Most everyone agrees that humanity needs to get rid of its nuclear weapons. It's only through complete relinquishment that we can eliminate the threat of deliberate or accidental nuclear war and the ongoing problem of proliferation. But at the same time, a strong case can be made that these apocalyptic weapons have eliminated the possibility of global-scale conventional warfare — what has arguably resulted in the long-standing peace between all the great powers since the end of the Second World War. The elimination of these weapons, therefore, could actually result in a complete disaster.
The top image is from the nuclear test Operation Upshot-Knothole, carried out by the United States in April of 1953.
Indeed, the ongoing presence of nuclear weapons is the single greatest threat to the survival of humanity.
To put the problem into perspective, there are currently 26,000 nuclear warheads ready to go — 96% of which are controlled by the United States and Russia. These two countries alone could unleash the power of 70,000 Hiroshimas in a matter of minutes. In the event of an all-out nuclear war between the U.S. and Russia, it is estimated that as many as 230 million Americans and 56 million Russians would be killed by the initial blasts. The longer term impacts are incalculable, but suffice it to say human civilization would be hard pressed to survive.
Given the end of the Cold War and the establishment of the START Agreements, the idea of a deliberate nuclear war seems almost anachronistic. But the potential nightmare of an accidental nuclear exchange is all too real. We have already come very close on several occasions, including the harrowing Stanislav Petrov incident in 1983. We are living on borrowed time.
The assertion, therefore, that we need to completely rid ourselves of nuclear weapons appears more than reasonable; our very survival may depend on it. In fact, there are a number of initiatives currently underway that are working to see this vision come into reality. And early in his presidency, Barack Obama himself urged for the complete elimination of nuclear weapons.
But before we head down the path to disarmament, we need to consider the consequences. Getting rid of nuclear weapons is a more difficult and precarious proposition than it may appear. It's important, therefore, to look at the potential risks and consequences.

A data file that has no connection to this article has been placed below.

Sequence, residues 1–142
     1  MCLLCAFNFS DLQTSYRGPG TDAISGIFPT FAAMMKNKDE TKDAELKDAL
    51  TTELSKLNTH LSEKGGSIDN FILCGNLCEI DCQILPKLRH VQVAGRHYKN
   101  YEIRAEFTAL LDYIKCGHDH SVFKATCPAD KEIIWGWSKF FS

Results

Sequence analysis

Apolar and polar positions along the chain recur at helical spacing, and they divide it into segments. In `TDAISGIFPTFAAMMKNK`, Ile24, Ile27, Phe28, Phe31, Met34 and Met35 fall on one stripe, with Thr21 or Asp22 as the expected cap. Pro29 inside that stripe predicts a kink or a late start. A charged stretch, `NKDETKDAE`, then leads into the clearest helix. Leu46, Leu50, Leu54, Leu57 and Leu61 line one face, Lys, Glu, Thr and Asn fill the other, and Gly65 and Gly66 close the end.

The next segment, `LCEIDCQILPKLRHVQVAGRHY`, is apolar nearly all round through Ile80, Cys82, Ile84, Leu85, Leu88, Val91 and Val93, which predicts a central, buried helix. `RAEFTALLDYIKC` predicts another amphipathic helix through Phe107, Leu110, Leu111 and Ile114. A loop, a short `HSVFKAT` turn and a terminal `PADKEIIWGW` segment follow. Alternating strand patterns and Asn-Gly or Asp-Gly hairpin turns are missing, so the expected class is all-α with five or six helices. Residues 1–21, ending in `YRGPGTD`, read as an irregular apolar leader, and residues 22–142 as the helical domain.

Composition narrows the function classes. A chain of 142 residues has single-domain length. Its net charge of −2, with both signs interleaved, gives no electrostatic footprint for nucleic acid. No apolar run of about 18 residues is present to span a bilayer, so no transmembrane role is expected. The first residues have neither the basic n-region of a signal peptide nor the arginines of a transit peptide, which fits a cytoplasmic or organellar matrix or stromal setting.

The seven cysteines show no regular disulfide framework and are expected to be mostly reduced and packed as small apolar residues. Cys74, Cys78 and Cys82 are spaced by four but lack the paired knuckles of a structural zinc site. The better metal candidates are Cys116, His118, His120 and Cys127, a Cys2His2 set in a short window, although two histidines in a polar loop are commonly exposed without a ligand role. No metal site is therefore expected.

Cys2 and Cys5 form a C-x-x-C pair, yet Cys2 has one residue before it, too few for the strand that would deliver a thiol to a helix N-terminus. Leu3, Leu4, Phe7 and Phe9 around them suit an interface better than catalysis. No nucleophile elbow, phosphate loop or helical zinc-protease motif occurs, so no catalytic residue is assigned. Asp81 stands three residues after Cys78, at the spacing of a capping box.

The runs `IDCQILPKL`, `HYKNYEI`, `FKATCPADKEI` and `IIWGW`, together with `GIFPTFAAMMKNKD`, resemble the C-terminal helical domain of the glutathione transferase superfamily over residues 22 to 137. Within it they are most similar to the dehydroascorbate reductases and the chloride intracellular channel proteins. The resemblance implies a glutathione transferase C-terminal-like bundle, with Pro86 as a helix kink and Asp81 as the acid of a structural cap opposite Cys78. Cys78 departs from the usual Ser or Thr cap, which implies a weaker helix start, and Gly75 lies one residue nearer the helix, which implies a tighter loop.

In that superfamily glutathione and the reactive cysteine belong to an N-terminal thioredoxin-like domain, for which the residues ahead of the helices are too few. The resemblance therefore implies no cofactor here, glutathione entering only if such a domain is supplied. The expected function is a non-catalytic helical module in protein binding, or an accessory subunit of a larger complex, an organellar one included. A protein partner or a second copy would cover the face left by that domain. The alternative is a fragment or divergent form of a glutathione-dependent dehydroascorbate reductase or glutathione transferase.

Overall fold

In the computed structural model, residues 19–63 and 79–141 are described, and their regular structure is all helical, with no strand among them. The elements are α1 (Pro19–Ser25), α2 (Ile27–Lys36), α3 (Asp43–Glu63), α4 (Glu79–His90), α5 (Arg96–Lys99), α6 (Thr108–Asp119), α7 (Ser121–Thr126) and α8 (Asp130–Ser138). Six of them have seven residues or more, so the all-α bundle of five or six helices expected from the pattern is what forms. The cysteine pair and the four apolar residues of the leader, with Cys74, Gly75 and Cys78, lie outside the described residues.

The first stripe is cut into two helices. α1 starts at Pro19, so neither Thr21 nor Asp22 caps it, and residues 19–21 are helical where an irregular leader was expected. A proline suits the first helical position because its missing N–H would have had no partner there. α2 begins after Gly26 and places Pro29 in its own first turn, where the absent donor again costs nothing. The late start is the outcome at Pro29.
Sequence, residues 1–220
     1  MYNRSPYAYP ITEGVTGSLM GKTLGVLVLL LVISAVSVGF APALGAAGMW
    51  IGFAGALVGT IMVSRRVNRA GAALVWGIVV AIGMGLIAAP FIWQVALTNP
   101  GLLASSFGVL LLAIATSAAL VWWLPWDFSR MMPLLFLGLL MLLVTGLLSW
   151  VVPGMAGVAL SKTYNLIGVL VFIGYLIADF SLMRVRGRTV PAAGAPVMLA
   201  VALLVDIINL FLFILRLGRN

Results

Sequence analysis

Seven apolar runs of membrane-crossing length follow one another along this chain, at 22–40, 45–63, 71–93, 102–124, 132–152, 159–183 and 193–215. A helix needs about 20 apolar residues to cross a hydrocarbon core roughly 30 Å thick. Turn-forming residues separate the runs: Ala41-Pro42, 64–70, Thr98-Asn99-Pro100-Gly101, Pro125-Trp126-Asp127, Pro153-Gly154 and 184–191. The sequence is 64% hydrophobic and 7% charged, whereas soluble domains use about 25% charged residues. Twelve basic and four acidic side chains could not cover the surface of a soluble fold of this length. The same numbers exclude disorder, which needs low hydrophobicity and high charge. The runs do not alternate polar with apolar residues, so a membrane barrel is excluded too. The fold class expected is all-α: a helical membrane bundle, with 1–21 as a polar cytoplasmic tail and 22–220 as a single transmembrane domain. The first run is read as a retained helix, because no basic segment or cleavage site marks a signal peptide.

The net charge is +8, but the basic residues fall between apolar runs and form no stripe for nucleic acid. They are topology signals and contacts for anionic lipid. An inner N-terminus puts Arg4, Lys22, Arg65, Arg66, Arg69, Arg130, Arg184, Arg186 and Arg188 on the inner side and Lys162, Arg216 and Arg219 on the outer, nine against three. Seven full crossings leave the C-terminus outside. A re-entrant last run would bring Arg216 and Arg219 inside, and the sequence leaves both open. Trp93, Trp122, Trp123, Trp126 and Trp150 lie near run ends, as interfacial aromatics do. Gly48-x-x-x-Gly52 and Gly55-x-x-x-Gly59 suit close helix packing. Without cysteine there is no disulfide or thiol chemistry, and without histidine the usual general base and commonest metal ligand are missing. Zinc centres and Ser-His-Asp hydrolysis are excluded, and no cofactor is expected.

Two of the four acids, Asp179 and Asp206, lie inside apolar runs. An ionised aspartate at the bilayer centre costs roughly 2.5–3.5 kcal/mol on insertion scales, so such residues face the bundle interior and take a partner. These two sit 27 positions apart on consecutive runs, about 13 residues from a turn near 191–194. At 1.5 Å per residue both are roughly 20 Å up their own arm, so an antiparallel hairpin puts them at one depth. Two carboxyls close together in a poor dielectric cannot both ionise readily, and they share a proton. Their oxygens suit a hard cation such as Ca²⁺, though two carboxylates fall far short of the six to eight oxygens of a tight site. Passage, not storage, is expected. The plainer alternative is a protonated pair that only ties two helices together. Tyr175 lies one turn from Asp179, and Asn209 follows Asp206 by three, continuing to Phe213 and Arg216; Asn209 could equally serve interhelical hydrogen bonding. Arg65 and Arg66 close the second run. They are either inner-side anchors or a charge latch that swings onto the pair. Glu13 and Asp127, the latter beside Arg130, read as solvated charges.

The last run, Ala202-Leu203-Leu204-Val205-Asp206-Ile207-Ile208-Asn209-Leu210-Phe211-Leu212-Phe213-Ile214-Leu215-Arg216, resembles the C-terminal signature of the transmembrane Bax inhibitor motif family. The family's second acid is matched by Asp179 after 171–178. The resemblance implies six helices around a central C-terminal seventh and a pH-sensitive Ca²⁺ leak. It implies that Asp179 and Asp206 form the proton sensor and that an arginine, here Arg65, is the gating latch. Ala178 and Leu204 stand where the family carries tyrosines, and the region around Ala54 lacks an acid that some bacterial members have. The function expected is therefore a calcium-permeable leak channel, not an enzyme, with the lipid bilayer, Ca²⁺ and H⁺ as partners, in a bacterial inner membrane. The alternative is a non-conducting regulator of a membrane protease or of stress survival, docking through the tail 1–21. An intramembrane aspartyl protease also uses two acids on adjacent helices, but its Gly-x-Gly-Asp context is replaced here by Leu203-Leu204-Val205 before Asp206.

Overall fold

There are a number of reasons for concern. A world without nukes could be far more unstable and prone to both smaller and global-scale conventional wars. And somewhat counter-intuitively, the process of relinquishment itself could increase the chance that nuclear weapons will be used. Moreover, we have to acknowledge the fact that, even in a world free of nuclear weapons, we will never completely escape the threat of their return.
The Bomb and the end of global-scale wars
The first and (hopefully) final use of nuclear weapons during wartime marked a seminal turning point in human conflict. The development of The Bomb and its presence as an ultimate deterrent has arguably preempted the advent of global-scale wars. It is an undeniable fact that an all-out war has not occurred since the end of World War II, and it is very likely that the threat of mutually assured destruction (MAD) has had a lot to do with it.
The Cold War is an excellent case in point. Its very nature as a "war" without direct conflict points to the acknowledgment that it would have been ludicrous to engage in a suicidal nuclear exchange. Instead, the Cold War turned into an ideological battle largely limited to foreign skirmishes, political posturing, and espionage. Nuclear weapons had the seemingly paradoxical effect of forcing the United States and the Soviet Union into an uneasy peace. The same can be said today for India and Pakistan — two rival and nuclear-capable nations mired in a cold war of their own.
It needs to be said, therefore, that the absence of nuclear weapons would dramatically increase the likelihood of conventional wars re-emerging as military possibilities. And given the catastrophic power of today's weapons, including the introduction of robotics, weaponized nanotechnology, and AI on the battlefield, the results could be devastating. As we recently argued, a World War III fought with conventional weapons represents and existential threat.
This forces us to ask some difficult questions: Is nuclear disarmament worth it if the probability of conventional war becomes ten times greater? What about a hundred times greater?
And given that nuclear weapons are more of a deterrent than tactical weapons, can such a calculation even be made? If nuclear disarmament spawns x conventional wars with y casualties, how could we measure those catastrophic losses against a nuclear war that's not really supposed to happen in the first place? The value of nuclear weapons is not that they should be used, but that they should never be used.
Upsetting the geopolitical balance
Today's global geopolitical structure has largely converged around the realities and constraints posed by the presence of apocalyptic weapons and by the nations who control them. Tension exists between the United States and Russia, but there are limits to how far each nation is willing to provoke the other. The same can be said for the United States' relationship with China. And as already noted, nuclear weapons may be forcing the peace between India and Pakistan (it's worth noting that conventional war between two nuclear-capable nations is akin to suicide; nuclear weapons would be used the moment one side senses defeat).